23 comments:

Kristen Bryant said...

Repairs seemed to be an activity that is being regulated. A refrigerator that is under warranty cannot be called in for a different repair man other than the contracted repair service.

Leonora Carroll said...

May this serve as a lesson to both consumers and to those in the business field. To avoid issues like Consumer Fraud and Deceptive Practices Act, the consumers should also be aware of consumer rights to protect and practice their rights.

Noah Cooper said...

Good to know that there are still caring individuals that think of others. Remodeling can cost a fortune so getting the right contractor is a must. I hope that swindlers learn from this and they also should stop doing those kinds of things.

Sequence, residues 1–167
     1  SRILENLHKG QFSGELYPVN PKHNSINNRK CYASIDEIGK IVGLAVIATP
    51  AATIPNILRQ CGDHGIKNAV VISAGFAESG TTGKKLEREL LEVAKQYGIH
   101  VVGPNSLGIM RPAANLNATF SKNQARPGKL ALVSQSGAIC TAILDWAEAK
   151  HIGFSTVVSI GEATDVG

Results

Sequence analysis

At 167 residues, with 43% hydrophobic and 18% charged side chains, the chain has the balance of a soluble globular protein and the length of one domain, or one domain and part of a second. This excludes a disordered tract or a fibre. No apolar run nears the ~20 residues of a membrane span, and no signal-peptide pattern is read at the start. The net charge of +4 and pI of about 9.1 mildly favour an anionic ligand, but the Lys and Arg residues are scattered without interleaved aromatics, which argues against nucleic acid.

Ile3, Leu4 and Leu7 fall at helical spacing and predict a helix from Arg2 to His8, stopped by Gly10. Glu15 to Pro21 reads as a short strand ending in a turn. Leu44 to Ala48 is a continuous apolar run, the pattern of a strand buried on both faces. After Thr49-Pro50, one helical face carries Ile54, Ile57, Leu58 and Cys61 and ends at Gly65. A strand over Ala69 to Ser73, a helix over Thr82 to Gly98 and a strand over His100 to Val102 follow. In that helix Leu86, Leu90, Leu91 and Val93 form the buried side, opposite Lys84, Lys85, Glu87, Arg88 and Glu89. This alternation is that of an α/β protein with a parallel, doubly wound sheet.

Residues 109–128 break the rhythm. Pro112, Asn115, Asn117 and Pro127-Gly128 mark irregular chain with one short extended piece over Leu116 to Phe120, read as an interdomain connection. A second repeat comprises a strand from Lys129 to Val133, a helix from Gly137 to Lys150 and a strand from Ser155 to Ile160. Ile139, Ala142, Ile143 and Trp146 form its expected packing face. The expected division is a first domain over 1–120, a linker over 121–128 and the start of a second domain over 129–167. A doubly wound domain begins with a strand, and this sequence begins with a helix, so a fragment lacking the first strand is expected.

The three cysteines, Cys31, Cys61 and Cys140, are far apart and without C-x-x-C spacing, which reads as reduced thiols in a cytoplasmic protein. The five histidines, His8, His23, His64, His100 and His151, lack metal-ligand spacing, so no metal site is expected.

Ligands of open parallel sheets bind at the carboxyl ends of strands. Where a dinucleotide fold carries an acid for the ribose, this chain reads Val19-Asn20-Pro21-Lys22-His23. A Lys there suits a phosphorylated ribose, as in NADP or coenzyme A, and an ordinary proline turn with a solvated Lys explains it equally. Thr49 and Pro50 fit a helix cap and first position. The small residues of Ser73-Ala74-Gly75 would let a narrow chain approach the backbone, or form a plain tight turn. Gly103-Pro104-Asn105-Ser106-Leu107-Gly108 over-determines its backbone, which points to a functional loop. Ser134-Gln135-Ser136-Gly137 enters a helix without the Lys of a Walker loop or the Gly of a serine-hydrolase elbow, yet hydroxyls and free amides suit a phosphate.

Claire Kable said...

This is why it's always a must to hire trusted licensed contractors and electricians to do the job. We shouldn't put our homes and safety at risk.

Joseph Crown said...

This should serve as a lesson to those that rush things. When planning with this kind of work, it's best to research and have a background check on the contractor that you're getting. Were talking about safety here, not just design and appearance. You would want to protect the ones the would inhabit that house and safety must be prioritized.

Niamh Read said...

Guess, the only problem they will be facing during the remodeling is the transporting of appliances. Though, I think, they will not encounter any problem in it since there's a lot of shipping services that one could seek out for help.